Whose privacy is it anyway
"I have your privacy at heart", I say, as I write down all I can find about you, and scribble "SECRET" on top of it.
Hello beautiful reader,
Funny how surveillance-advertising companies all deeply care about our privacy. We get endless reassurance that Google, or Facebook, or some credit bureau are all really responsible, and secure, and serious, about… the data they collected on us anyway?
I’m sure it doesn’t surprise you that I use Google and Facebook as examples. But, if you live in a country where they’re a thing, have you thought about credit bureaus? It seems they are the first large-scale success of surveillance capitalism. I live in Canada, where we have “only” two of them, Equifax and TransUnion. Their access to my financial activity, without my intervention, is basically protected by law!
By keeping tabs on how everyone’s credit is being managed, their role is to make transactions safer, and reduce risk when lending (so that a borrower can’t keep hiding to lenders that they’re a horrible borrower, for example). It’s a relatively simple concept, and it illustrates the main benefit of surveillance: if you have more of it, you’re probably safer. In most situations, the issue isn’t as simple as always going for more privacy. There’s always a balance to strike.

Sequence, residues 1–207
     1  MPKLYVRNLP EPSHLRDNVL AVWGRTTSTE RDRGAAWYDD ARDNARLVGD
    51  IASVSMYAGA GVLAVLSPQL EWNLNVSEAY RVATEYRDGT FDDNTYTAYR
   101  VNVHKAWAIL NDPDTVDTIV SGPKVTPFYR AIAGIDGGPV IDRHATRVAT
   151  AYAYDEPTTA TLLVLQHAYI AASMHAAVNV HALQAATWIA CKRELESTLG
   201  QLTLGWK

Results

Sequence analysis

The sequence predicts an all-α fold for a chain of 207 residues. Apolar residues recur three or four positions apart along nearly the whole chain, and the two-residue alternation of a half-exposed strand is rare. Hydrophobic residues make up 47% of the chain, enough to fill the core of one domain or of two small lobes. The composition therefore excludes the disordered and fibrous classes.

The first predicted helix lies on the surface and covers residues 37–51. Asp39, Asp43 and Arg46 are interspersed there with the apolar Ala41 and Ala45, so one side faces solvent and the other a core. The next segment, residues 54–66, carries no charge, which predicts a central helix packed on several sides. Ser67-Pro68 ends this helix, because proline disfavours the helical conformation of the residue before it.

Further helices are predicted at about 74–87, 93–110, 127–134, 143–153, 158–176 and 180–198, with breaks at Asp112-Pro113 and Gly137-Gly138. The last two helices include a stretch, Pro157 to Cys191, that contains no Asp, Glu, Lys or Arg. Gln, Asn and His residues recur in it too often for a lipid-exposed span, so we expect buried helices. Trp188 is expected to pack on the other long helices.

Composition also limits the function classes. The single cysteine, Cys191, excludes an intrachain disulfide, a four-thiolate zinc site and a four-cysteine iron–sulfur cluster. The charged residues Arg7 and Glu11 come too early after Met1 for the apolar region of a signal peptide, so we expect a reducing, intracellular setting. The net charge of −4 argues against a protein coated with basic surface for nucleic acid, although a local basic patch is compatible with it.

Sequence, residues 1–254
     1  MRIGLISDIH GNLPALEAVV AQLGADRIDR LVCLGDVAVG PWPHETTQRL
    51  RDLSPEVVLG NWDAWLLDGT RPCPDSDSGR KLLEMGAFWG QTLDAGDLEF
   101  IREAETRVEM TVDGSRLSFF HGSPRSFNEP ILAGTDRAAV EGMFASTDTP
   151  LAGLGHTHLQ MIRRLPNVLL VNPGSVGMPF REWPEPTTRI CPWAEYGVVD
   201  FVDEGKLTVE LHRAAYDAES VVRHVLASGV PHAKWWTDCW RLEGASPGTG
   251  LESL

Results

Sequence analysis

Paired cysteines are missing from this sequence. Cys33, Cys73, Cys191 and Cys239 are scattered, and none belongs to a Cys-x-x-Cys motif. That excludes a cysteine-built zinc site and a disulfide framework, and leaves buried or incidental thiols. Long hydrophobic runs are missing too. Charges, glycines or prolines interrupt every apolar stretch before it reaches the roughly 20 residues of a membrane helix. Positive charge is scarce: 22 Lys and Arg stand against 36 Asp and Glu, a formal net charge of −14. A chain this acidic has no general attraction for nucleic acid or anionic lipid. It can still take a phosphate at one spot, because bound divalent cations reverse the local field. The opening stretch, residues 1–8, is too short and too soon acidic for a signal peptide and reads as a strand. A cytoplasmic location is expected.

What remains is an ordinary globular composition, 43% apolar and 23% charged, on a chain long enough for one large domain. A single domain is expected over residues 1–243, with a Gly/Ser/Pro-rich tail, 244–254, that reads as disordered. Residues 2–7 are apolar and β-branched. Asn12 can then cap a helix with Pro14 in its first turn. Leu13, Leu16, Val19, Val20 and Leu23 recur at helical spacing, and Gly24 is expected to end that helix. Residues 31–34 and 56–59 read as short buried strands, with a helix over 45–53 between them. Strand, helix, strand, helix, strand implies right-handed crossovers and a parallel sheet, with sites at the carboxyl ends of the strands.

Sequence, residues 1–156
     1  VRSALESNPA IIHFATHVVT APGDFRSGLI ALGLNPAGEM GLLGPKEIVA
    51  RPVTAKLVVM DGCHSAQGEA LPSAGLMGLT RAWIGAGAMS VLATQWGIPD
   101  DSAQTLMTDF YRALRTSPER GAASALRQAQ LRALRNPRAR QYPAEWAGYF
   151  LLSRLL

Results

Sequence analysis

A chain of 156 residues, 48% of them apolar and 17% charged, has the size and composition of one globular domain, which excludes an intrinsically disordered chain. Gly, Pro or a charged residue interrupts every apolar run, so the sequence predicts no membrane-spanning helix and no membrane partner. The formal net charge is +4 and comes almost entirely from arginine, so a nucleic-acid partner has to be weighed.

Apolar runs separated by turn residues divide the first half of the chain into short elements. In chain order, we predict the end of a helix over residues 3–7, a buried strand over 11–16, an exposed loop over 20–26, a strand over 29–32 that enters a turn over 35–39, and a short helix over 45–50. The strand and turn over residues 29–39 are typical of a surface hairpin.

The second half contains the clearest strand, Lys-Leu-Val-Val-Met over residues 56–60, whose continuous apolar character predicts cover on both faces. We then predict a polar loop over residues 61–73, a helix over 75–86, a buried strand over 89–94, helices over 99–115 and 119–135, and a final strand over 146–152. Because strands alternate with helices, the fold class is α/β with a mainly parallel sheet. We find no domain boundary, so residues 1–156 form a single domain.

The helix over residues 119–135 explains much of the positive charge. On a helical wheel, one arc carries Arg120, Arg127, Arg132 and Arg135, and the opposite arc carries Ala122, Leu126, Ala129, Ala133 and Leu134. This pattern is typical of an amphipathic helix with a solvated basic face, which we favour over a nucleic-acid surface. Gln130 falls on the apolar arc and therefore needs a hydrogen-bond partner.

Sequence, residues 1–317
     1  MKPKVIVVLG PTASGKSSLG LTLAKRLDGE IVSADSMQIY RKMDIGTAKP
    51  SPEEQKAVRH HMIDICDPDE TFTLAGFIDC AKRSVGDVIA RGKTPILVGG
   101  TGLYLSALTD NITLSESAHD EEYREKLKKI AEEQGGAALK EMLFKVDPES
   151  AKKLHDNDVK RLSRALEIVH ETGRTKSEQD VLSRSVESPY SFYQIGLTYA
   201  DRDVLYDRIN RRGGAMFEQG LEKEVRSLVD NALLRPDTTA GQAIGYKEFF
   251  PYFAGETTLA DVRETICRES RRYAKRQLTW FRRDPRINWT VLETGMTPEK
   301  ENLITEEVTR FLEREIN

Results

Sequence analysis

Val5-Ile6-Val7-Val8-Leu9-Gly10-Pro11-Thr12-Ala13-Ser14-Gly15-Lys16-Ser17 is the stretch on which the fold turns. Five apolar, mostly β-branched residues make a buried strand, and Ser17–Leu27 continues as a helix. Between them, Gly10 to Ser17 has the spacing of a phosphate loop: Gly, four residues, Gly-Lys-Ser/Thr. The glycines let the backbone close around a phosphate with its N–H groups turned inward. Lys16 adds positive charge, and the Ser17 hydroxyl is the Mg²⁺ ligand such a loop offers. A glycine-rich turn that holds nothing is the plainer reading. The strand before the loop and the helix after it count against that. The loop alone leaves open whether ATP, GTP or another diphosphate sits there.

Still, the first line of enforcing privacy is not to police how data about you gets protected or used. The first line is not to collect data. You can unplug Google Analytics, even pull targeted advertising out of a big newspaper entirely, and still fare fine – maybe even better!
I can’t wish away the risky corporate rhetoric about “protecting” privacy by still collecting as much data as possible, but I can get on my minuscule soapbox and tell you, reader, about it.
❤ Loved lately
Bert Hubert has a fantastic article on Reverse-engineering the BioNTech/Pfizer vaccine. It’s very accessible, entertaining, and I find it so fascinating that we’re starting to have this sort of fluency in the language of DNA.
And - there’s a comedic quality to a language where one might say “Well yes, we can chain these things together, but there’s a chance for this precise syntax to fold onto itself and mean something else all of a sudden!”
Here’s a better-written Wired article on the topic of surveillance advertising, by Gilad Edelman, called Why don’t we just ban targeted advertising. It brought some new data points to my thinking about the ad industry.
I really like the vision for Readup. It’s an app-slash-reading club, where your “vote” for an article is the reading time you’ve given it. Here’s a recent article from their blog, on the topic of moderating online spaces.